Digital Humanities 150

Social Justice

UCLA Digital Library

UCLA's Digital Library Collections is made up of primary sources that have been digitized, annotated with meta-data, and put online. 

You will also find links to the items and collections in the UCLA Library catalog, or, you can search the interface directly.  

Digital humanities scholars seek primary sources because we engage directly with evidence and artifacts: interpreting, reinterpreting, or analyzing collections of primary sources. We often work closely with digital libraries, partnering with them to collect, process, and eventually publish primary resources with our scholarly analyses or essays.  

DH scholars think of libraries as laboratories: and often engage with librarians, as directly as possible, in all phases of the research process. Digital Humanities projects often involve teams of scholars and staff with different areas of expertise.  We think of libraries as laboratories -- where we work together.  

Libraries tend to collect resources from local areas, but UCLA, because Los Angeles is a global city, has collections for around the world. In any case, you can structure your seach for primary sources based on concentric circles, from local to global. 




Exploring archives: Local to Global


Museums: Fowler, LACMA, Getty

Libraries: Huntington, USC, Loyola




Library of Congress



Community groups: South Asian American


Documenting the Now. 

When libraries acquire a collection of primary resources, they begin a labor-intensive process of creating an inventory and eventually producing a Finding Aid.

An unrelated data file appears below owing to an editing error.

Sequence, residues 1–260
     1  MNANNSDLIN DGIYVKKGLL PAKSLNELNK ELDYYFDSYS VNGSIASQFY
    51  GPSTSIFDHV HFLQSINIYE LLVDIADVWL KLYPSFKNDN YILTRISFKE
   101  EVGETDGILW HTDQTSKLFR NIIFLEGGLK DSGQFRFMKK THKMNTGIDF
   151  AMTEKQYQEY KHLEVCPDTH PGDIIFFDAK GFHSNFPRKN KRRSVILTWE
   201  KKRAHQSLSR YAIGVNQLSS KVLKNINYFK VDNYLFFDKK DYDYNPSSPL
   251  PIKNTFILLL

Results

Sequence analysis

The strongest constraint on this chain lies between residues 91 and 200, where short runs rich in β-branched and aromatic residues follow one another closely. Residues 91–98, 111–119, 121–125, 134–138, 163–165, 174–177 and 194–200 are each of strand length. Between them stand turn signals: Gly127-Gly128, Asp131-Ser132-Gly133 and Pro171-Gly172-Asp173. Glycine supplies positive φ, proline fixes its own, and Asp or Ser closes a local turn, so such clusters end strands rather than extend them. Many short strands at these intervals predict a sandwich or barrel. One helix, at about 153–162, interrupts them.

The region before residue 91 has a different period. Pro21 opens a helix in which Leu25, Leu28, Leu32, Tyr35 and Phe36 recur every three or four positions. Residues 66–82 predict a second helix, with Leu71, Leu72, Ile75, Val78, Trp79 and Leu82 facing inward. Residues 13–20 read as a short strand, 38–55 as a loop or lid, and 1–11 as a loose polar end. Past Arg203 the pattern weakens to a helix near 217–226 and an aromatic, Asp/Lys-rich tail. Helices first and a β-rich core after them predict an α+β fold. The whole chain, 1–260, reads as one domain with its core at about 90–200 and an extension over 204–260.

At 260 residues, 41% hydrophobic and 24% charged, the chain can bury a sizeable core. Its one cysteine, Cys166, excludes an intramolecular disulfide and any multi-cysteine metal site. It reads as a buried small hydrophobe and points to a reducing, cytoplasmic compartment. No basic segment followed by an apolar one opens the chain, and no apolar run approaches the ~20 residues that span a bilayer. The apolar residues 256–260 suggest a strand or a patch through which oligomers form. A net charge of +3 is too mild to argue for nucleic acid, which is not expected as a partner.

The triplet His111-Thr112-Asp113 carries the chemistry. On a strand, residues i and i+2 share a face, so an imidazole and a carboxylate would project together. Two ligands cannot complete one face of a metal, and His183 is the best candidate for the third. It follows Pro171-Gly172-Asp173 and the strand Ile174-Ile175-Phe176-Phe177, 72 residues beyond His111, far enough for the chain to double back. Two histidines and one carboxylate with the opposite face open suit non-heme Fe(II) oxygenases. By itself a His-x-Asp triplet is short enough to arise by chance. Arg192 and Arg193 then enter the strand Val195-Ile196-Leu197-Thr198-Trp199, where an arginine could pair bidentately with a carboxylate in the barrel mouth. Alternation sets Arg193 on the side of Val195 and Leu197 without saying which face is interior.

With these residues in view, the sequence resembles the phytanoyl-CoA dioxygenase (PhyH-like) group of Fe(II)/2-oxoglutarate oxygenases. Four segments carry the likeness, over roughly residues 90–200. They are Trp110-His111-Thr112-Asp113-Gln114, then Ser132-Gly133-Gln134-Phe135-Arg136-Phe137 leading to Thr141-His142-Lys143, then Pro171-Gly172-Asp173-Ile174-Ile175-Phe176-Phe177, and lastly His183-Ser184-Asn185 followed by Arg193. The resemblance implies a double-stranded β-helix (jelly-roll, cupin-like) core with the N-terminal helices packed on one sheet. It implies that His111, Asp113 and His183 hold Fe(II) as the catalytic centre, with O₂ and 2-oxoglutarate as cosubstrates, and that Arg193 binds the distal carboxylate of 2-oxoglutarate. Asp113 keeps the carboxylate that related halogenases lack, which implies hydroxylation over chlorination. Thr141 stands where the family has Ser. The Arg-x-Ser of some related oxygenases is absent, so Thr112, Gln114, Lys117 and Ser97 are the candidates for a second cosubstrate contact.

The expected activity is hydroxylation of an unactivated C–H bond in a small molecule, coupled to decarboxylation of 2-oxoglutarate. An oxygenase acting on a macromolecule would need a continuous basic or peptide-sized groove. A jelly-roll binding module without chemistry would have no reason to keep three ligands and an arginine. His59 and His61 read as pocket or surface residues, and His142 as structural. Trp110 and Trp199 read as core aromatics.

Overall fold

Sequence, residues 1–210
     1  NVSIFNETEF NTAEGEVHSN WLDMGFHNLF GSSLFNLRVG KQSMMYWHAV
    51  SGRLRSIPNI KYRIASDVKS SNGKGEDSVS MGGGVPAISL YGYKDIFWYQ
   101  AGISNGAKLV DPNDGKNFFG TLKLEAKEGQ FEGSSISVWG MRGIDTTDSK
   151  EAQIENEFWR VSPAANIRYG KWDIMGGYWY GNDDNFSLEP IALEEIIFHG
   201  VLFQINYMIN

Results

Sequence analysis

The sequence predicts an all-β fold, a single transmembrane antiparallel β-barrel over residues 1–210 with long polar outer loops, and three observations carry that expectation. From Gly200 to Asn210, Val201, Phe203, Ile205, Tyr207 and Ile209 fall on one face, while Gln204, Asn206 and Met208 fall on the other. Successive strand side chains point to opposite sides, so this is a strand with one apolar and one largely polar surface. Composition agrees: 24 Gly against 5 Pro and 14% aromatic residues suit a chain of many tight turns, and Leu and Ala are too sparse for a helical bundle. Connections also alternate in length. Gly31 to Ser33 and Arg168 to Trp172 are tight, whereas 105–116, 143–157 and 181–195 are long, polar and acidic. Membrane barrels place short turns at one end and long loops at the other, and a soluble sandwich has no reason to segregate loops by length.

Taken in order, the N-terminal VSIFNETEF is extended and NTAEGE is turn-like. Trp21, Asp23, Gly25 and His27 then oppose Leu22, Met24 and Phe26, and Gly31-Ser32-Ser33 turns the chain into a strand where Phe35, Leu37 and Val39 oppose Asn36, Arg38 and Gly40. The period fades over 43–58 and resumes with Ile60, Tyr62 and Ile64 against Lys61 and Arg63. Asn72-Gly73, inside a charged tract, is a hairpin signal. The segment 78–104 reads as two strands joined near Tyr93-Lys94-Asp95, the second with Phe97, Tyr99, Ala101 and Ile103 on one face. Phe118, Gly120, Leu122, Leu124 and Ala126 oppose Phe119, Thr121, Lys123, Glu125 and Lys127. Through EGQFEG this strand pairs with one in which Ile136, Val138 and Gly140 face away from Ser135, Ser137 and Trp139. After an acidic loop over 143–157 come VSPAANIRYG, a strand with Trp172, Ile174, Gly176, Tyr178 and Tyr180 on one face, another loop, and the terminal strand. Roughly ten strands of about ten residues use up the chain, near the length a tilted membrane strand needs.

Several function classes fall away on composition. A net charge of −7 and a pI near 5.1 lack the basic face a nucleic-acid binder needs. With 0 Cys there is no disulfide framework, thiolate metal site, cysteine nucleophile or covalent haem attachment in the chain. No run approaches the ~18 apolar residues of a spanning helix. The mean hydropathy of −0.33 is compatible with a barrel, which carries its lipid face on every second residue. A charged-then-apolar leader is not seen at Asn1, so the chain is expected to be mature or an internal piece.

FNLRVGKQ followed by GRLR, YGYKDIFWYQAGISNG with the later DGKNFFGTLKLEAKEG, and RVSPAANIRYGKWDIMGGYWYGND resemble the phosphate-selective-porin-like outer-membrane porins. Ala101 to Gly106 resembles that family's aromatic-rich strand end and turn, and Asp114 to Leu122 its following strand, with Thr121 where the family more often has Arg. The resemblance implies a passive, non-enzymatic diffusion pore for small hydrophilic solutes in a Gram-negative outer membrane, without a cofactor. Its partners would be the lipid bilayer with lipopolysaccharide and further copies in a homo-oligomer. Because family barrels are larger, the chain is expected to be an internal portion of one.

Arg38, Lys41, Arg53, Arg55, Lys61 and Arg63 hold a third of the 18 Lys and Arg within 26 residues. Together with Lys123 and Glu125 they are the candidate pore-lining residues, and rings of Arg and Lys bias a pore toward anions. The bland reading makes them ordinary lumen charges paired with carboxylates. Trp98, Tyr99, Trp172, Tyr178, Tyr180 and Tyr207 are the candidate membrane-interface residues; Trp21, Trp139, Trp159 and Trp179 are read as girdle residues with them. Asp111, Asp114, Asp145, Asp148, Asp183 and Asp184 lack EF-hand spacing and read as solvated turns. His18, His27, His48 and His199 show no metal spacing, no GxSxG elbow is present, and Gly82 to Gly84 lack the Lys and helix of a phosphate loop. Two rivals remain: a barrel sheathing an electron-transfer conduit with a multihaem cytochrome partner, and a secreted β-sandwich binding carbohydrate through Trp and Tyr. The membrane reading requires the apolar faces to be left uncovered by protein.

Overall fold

1. Finding Aid for Los Angeles Times Photographs

2. Finding Aids are published online, and are indexed so that researchers can find the primary sources that libraries and archives have collected. Creating metadata that conforms to standards makes the content interoperable (with other collections) and discoverable.    

Now, researchers can make appointments and view the physical objects in the library's Special Collections.  

3. Meta-data are created for individual items.  

4. Items are scanned (digitized) and, sometimes texts are processed using OCR: Optical Character Recognition. 

5. With the meta-data, items are uploaded into the Digital Library system, and "published" online.

6. High-resolution digital objects are stored in repositories where they are preserved.  

6. Meta-data can be harvested from (or provided to) other systems, making researchers aware of new resources. 

Tools for working with digital resources

Opportunities to work in the library